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ARISTIDBS, AT ROME, TO THALIA, AT ATHENS.
Amstides, a descendant of Aristides the Just, having formed a design of writing the history of Rome, conceived no place so proper for such pursuit as Rome itself, as he could there have the most accurate information, and the most favourable opportunities for deep research. Upon arriving at Rome he commences a correspondence with a Grecian lady, whom he has long regarded with affection, and who had desired him to inform her of the state of society, of manners, and of the arts. The following is their correspondence.
At length I am arrived at the city of the world; the motives, my dear Thalia, for visiting this grand emporium of the arts, of commerce, and of luxury, you are acquainted with, and it is no small pleasure to me that I not only gained your consent to my voyage, but your most candid approbation. For the investigating the annals of this wonderful city, aad the making myself acquainted with its customs, I hare to visit the capitol, and to mix with those inhabitants who are equally remote from poverty and splendour. For information concerning the fine arts, an excellent introduction, which I obtained from Titus Pomponius, whose love for our city, and elegance of manners, has gained him the title of Atticus, to M. T. Cicero, shall again avail me. You will think it an extraordinary riling that an introduction to a man who is dead should be of any Service, but, my dearest Thalia, you should consider that this dead man is Cicero, and to be acquainted with Cicero is a sufficient passport into the best company. I hope you received the letter which I sent from Sicily, by a ship bound to Corinth. I hope likewise you shed tears while reading what I suffered from the confinement of th»
ship, from the fury of the elements, and from the manners and language of my companions; all these however were drowned in the reflection that every gale of wind was wafting me farther from a woman, who is esteemed, even at Athens, the most beautiful, the wisest, and most amiable in Greece. I shall not enlarge upon this subject; simpathy will do more by secret and undefineable means than all the powers of rhetoric, or all the charms of poesy.
The entrance of the Tibur is rather difficult; but the beauty of its shores is beyond description ; figure to yourself a river sufficiently wide to be of importance from any point of prospect, whose banks are decorated with the richest pasture, in which are browzing sheep, goats, and every kind of animal that Italy produces; here a fine promontory juts out, covered with aged oak, and denies a distant prospect; three a villa belonging to the first nobleman in Rome enlivens the scene, with persons reposing, during the heat of the sun, under colonnades of the richest marble. Now the river winds along a narrow valley, in which perhaps sits a solitary shepherd, playing upon his pipe the joys or the anxieties of love, and close beside him, sheltered by an over-arching pine, his faithful shepher.dess is listening with arch meaning to his tale. In fact, the varieties of scenery and beauty are innumerable, and while gliding along these faery landscapes, the presence of my Thalia was alone wanting to render my happiness complete,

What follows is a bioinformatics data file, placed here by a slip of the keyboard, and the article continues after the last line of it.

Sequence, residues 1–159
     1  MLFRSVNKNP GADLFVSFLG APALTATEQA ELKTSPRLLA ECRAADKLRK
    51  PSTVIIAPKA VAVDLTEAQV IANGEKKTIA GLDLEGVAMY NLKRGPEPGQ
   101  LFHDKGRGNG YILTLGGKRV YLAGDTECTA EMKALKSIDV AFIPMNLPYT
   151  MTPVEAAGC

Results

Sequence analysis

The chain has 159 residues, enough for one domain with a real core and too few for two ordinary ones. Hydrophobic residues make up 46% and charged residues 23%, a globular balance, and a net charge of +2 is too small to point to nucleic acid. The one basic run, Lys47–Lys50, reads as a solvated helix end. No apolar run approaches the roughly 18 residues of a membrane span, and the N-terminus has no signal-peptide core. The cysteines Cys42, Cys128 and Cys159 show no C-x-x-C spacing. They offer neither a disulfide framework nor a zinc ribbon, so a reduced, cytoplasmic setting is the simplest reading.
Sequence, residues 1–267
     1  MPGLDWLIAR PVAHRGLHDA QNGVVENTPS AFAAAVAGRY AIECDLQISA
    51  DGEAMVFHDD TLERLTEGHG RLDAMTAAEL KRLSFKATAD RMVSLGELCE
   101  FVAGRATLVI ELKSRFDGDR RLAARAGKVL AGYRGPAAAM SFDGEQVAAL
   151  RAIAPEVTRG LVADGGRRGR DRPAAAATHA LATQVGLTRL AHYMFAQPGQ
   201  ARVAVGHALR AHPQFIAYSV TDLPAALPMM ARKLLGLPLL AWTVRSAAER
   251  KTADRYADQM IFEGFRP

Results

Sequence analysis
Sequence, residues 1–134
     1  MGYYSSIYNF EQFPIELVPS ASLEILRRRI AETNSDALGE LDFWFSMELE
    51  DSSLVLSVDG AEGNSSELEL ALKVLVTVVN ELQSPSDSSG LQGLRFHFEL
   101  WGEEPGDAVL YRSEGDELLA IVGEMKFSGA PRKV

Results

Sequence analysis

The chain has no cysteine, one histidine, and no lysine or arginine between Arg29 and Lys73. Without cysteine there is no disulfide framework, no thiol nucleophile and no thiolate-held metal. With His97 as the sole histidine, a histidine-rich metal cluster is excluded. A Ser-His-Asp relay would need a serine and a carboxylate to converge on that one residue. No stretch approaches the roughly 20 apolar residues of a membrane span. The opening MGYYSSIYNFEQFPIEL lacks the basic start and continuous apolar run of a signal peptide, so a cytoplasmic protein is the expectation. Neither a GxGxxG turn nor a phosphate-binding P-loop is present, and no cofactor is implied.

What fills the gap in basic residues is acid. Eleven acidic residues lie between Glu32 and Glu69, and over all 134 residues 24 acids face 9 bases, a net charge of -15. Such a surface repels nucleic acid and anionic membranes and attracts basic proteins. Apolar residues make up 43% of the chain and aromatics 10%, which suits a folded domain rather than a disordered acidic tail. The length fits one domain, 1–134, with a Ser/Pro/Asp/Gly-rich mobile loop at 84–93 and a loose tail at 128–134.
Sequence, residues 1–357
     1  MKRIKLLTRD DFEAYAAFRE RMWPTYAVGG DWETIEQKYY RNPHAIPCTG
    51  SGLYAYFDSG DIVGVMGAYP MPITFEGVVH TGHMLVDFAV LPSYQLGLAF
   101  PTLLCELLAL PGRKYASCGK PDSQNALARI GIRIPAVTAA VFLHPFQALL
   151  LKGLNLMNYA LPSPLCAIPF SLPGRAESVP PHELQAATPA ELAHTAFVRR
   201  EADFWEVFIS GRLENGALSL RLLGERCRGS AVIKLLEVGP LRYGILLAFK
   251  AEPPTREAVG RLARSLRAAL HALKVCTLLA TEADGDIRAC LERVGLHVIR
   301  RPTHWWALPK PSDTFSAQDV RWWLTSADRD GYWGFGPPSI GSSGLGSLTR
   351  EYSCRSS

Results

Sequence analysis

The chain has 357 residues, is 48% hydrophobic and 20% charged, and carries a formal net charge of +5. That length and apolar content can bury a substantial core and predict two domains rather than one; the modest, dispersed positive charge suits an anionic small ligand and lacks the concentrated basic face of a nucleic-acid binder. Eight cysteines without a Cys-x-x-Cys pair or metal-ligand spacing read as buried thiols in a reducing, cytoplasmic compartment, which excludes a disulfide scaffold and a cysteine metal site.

As we approached the city, the villas were more finished, and the excessive refinement of art had contributed to render them more uniform, and consequently less pleasing. Rome, like Persepolis and Susa, in the time of my great ancestor, seems to be governed by fashion : this is even extended to their houses and pleasure grounds, and when you see one you see the plan of every one. To the propriety of this remark our captain assents, with the exception that most of these belong to the richer plebeians, and that the villas of the nobility are distinguished by purity of taste : of this I shall hereafter be a better judge.
Rome, from the river, has a grandeur of effect which you can scarcely conceive, and its consequence upon my nerves I am at a loss to describe. It stands upon seven hills, which circumstance contributes to a variety of light and shade which no other city can boast: thus while one department is lighted up with the splendour of the meridian sun, another is partially or entirely shaded. The description that Titus Pomponius gave us of Rome is by no mean* applicable to its present'state, as the munificence of Augustus Caesar has had such an influence upon all his courtiers, that it is esteemed;
the surest way to gain his approbation and affection to give every degree of encouragement to the fine arts. In such a case you may naturally suppose architecture is not neglected; indeed such are the improvements which his suggestions have occasioned, that it is a subject of honourable boast with him, that Rome came to him of wood, but he should leave it of marble. Such a period as this is most happy for information and instruction, the inhabitants are gaining a polish which however it may sometimes descend to frivolity, is nevertheless extremely agreeable to a stranger, as it facilitates his intercourse, and renders his inquisitiveness less irksome to himself and less noticed by others.
The absence of M. Metellus, to whom I was personally known at Rhodes, gives me as much leisure to survey the city of Rome itself, as his presence will enable me to gain a knowledge of its manners. In such esteem is he held here that the letters of T. Pomponius will be no farther useful, than as an honourable testimony of his friendship and affection.